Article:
- Weather woes
- South American production
- U.S. dollar weakness
- Fund length
- Crop progress
- Carry over?
We’ll start with the bear factors this week, as that list of items doesn’t seem to have very much to talk about. Funds continue to hold a very large long in soybeans, as well as soybean meal, and the thinking here is that at some point, they will liquidate that position. When that happens, prices will fall. The only concern is the timing. To date, they continue to defend the position very well.
Corn crop condition scores improved this week in almost every state. The exceptions are Missouri, Michigan, and Texas. For the week, we’re now 75% good to excellent, vs. 72% a week ago. This was the first week for soybean condition scores, and the average is 72% vs. 69% this time last year. All in all, looking pretty good in most of the U.S.
Ending stocks continue to sit above the market, but I would expect them to get trimmed back a bit in the next USDA report, due out on Friday the 10th. We’ll see how much adjustment the USDA wants to make.
On the bull side of the ledger, world-wide weather continues to impact grain prices. From flooding in parts of Europe, with the potential to impact the wheat crop there, and the forecast in the U.S. turning hotter and drier, potentially impacting corn and soybean development, there is plenty to be concerned about. Another 30 days from now, and we’ll know a lot more about the U.S. crops, but that seems like a long time from here.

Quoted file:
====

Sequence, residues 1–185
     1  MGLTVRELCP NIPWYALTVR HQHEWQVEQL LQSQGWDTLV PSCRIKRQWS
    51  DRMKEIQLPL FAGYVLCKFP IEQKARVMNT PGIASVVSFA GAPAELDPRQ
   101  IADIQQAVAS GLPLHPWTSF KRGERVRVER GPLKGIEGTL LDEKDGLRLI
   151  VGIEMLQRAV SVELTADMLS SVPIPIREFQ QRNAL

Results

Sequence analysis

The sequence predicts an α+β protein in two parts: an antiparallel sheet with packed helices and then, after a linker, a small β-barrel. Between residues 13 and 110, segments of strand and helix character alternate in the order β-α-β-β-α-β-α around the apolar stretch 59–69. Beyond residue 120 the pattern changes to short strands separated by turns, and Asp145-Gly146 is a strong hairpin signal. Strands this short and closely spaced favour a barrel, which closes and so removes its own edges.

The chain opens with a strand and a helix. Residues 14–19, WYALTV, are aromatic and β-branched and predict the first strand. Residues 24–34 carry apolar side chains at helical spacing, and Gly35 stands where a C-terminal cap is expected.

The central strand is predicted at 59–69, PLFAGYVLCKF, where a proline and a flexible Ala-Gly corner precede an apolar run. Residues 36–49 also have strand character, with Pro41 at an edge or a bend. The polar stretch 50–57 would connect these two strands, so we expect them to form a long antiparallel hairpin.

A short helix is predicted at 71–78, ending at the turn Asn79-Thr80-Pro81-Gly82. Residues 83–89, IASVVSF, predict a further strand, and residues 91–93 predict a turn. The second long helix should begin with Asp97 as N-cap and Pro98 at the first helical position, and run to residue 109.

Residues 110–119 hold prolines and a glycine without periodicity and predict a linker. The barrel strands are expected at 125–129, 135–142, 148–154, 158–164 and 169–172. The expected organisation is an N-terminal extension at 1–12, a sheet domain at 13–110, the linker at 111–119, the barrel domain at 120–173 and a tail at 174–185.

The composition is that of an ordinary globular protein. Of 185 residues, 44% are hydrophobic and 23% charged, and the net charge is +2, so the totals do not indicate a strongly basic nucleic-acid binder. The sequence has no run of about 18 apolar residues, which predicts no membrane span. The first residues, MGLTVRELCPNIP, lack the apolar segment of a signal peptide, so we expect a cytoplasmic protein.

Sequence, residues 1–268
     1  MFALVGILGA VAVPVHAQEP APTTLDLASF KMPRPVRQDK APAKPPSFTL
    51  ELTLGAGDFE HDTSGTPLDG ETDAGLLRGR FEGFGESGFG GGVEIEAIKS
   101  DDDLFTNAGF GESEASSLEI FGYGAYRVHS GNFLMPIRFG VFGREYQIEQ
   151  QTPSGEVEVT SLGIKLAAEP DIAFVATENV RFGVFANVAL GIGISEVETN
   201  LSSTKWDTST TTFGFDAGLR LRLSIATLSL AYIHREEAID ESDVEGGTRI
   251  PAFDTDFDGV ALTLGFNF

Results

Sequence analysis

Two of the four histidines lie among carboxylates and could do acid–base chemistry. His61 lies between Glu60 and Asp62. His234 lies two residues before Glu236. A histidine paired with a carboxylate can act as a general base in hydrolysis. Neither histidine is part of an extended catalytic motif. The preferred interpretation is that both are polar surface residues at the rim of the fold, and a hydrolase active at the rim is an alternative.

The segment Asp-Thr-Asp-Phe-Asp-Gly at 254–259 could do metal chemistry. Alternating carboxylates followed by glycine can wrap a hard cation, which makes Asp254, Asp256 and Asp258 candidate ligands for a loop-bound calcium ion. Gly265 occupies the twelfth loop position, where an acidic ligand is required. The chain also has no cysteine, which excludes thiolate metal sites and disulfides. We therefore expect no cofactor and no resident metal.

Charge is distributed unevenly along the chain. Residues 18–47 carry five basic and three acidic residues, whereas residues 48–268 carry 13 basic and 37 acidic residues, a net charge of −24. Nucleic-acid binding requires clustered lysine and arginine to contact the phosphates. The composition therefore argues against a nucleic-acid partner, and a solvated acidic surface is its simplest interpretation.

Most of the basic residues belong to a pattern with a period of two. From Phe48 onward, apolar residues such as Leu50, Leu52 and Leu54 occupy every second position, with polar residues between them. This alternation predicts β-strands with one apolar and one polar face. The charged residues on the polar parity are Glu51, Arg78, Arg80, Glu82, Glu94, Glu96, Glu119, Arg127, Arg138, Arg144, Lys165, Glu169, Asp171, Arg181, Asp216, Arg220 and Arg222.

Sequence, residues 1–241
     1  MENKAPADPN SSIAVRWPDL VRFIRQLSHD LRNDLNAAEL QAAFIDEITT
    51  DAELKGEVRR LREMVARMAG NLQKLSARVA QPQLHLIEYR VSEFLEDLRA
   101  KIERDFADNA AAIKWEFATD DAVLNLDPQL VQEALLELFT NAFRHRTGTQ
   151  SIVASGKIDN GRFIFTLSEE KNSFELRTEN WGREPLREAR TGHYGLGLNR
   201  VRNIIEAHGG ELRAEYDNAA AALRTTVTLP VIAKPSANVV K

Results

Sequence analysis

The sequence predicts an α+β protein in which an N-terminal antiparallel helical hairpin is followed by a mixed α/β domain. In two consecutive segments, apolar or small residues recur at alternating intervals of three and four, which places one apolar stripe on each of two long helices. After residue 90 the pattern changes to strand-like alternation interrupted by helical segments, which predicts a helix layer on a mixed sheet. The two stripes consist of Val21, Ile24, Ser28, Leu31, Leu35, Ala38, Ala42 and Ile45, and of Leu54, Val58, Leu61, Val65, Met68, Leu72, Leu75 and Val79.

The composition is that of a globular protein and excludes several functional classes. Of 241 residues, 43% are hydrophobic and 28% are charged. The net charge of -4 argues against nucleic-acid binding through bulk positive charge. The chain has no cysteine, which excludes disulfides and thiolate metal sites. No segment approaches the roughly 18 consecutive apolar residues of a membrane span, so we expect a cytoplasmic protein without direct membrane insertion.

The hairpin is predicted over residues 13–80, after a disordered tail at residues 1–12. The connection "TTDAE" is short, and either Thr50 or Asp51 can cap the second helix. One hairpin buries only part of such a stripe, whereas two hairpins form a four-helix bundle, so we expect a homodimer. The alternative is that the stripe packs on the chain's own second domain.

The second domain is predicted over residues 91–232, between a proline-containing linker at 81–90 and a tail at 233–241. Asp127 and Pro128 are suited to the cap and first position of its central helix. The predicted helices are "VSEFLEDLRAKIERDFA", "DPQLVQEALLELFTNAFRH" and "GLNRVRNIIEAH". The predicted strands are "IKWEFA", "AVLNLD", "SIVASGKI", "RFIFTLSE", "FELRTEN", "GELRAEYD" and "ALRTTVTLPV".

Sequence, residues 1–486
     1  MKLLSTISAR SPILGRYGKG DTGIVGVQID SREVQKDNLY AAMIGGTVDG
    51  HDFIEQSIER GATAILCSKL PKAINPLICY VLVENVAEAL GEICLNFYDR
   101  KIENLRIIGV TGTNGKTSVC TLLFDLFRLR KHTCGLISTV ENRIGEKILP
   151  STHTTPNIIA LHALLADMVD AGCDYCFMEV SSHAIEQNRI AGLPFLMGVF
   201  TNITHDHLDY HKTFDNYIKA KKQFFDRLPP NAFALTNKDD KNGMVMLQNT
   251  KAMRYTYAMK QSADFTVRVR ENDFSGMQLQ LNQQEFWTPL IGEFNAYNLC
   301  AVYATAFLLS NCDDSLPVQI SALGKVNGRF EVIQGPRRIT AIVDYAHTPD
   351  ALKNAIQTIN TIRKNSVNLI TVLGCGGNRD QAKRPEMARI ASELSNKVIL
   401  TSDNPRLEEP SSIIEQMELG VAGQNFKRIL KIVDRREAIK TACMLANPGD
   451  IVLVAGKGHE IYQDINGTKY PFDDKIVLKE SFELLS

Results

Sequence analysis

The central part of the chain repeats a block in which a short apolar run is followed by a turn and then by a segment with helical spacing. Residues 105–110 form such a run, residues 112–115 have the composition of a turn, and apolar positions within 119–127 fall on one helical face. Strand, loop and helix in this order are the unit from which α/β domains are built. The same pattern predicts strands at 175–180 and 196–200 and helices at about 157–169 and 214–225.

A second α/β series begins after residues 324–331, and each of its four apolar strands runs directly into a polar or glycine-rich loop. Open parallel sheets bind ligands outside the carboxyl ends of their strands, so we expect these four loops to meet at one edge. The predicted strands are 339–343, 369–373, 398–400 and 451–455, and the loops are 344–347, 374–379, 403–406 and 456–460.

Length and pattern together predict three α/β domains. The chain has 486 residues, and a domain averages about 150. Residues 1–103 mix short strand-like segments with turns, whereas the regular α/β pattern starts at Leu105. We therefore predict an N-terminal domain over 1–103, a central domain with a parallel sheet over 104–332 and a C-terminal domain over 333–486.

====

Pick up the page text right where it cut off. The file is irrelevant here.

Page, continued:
South American production continues to shrink, in both quantity and quality. Many private forecasters have reduced Brazilian production for both corn and soybeans, and there continues to be concern about how good the soybeans are in Argentina.
The dollar has lost some of its steam in the past few trading sessions, making U.S. products a little more competitive in the world market. That, along with concerns about South American quality should put a little more in the export pipeline this summer, further reducing carry-over stocks.
As always, let us know if you are trying to obtain a specific level for your corn and soybean sales. We’ve seen quite a few people putting some sales on the books, and others leaving offers. We’re here to help, just let us know how we can assist. Contact information can be found here.
- Tom Guinan, Grain Origination Manager